Hacks 2010-03-30 05:44:22 +0000
Jennifer Redman

* On predicting predictors: hacking archive formats for fun and prophecy

We aim to inform you about the archive formats you use every day. We will include an in-depth look at the tar, ar, cpio, gzip, bzip2, and deb formats, as well as the internals of the Git object store. Armed with this information, we will show you a practical application: removing the redundancy between files in version control and distributions of source and binaries.
Chemistry 2010-02-20 09:54:33 +0000
Jamey Sharp, Josh Triplett

* Should there be a free software app store?

Since free software "is a matter of liberty, not price", developers and distributions are allowed to ask users to pay for free software (though most users can easily choose not to). Musicians like Radiohead have experimented with asking, but not requiring, users to pay for music (by choosing their own price, which could be $0). What would happen if we did this for free software?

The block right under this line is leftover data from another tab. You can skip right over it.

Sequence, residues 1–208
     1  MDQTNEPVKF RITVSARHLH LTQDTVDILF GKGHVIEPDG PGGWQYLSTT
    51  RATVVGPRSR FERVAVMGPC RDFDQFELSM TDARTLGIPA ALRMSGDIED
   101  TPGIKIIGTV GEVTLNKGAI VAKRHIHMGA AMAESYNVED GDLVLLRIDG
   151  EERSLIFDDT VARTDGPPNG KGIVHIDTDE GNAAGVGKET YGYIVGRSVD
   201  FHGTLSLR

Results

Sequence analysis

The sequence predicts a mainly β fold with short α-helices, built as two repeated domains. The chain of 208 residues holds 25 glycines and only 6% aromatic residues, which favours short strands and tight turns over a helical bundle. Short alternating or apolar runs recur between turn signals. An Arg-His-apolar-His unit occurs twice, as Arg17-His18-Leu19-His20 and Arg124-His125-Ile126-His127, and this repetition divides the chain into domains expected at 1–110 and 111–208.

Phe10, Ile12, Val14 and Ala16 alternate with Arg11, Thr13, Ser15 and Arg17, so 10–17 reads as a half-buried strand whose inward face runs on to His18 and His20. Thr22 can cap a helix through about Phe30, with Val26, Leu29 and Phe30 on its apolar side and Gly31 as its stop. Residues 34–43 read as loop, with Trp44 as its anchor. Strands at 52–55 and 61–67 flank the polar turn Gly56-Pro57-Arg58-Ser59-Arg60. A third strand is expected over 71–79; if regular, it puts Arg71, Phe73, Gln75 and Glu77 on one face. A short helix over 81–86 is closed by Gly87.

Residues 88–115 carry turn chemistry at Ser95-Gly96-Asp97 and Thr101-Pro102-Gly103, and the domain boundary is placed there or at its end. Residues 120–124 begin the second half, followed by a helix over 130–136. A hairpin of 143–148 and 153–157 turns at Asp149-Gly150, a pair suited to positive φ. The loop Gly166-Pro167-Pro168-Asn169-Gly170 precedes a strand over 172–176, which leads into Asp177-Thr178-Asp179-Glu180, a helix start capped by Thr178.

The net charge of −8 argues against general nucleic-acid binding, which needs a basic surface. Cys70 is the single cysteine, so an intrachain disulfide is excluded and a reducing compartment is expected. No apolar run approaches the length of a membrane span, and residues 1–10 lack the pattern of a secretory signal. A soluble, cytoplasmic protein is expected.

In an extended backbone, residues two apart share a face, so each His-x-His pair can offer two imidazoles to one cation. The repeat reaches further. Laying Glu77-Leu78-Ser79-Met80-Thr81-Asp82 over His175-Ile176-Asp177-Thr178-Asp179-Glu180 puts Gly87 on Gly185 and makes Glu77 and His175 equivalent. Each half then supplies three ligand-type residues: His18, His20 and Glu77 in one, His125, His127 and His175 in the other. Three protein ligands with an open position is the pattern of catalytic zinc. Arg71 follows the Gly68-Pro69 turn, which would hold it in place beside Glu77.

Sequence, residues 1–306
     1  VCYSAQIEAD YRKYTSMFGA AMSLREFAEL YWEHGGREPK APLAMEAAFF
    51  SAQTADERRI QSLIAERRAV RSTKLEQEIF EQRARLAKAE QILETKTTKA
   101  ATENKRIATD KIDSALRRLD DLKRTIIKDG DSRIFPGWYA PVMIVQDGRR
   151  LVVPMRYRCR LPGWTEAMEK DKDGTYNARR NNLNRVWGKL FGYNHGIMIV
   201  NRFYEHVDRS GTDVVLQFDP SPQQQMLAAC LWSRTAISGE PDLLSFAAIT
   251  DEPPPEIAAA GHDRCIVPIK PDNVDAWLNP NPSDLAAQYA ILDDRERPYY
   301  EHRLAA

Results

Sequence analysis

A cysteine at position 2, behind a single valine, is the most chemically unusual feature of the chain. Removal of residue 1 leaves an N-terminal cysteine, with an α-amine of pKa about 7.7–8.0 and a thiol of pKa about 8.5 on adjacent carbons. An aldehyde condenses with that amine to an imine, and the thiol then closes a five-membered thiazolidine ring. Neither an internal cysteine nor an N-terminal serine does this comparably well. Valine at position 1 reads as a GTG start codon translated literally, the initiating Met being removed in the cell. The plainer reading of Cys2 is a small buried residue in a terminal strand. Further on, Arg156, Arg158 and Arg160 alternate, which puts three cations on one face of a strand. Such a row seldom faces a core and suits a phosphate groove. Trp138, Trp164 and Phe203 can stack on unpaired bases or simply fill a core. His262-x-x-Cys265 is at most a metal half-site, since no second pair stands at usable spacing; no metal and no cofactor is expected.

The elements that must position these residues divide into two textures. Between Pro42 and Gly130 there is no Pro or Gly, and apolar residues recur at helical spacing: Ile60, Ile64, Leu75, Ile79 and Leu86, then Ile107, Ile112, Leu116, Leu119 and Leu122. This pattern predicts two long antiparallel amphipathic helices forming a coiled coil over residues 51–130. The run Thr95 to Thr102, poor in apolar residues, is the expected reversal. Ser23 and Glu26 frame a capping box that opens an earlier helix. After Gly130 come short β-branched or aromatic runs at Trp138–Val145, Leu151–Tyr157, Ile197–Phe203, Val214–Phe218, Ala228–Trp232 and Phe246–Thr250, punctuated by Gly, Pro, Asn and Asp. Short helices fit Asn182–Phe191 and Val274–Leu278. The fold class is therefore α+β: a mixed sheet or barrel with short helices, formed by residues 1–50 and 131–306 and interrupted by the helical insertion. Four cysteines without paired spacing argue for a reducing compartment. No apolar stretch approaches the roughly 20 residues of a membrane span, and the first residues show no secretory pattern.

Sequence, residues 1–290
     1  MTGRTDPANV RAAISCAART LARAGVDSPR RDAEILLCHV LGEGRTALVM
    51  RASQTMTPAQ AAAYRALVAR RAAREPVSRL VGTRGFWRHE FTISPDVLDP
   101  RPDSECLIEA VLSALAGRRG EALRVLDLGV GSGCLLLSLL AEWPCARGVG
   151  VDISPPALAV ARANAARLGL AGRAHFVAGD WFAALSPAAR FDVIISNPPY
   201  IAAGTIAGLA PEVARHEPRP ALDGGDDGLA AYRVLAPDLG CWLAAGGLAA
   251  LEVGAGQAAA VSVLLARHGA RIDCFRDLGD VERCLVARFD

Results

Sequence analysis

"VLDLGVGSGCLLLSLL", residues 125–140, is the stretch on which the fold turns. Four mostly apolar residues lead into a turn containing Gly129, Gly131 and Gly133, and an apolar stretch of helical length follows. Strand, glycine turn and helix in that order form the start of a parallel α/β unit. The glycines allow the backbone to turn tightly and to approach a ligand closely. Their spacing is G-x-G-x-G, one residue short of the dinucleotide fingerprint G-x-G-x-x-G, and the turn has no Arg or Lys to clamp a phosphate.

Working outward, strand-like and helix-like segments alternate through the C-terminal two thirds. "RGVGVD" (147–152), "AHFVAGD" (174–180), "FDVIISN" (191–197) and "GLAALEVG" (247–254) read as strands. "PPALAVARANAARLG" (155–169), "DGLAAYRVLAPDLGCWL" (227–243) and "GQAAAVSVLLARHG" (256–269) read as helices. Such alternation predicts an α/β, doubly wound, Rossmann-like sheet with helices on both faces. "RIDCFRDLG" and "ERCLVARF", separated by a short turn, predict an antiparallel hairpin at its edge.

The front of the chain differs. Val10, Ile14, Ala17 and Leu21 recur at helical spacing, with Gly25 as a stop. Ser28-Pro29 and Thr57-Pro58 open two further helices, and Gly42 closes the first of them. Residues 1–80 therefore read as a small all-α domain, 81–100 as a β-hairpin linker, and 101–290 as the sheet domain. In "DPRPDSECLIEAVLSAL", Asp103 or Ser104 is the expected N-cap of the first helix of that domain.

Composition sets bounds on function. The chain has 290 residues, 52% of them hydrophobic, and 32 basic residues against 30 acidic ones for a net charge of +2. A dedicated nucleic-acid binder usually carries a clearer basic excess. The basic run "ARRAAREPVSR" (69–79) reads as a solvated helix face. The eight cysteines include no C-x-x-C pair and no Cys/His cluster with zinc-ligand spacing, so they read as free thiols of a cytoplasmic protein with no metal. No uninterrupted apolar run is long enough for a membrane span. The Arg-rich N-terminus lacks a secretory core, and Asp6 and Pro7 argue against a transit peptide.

Business 2010-03-26 00:53:46 +0000
Seth Schoen

* The new schism: SQL vs. NoSQL

RDMS showed us the one true way to organize data, yet the NoSQL movement shows us how it fails. The faithful are confused and concerned. The heretics rally boldly in the streets with torches and pitchforks, yelling something about "doesn't scale," while the defenders of orthodoxy scream about the features and safeties these strange new gods lack, and do the apostates even realize it? As the philosophical storm brews, DB admins and developers must make fateful decisions that will affect the rest of the code's life. Here they will glean the first glimpses of the knowledge they will need to make informed choices and be spared the wrath of the database gods.
Chemistry 2010-03-29 23:17:58 +0000
Melissa Hollingsworth

* Thinking Like a Programmer: Building a Programming Curriculum

Let's discuss the development of a beginning Ruby programming curriculum for the general public.
Culture 2010-02-24 05:03:04 +0000
John Metta

* Usability testing on a shoestring

Usability testing can be fast, cheap and effective. Learn simple, unintimidating ways to do usability testing to identify things that are going horribly wrong.
Chemistry 2010-03-26 06:54:49 +0000
VJ Beauchamp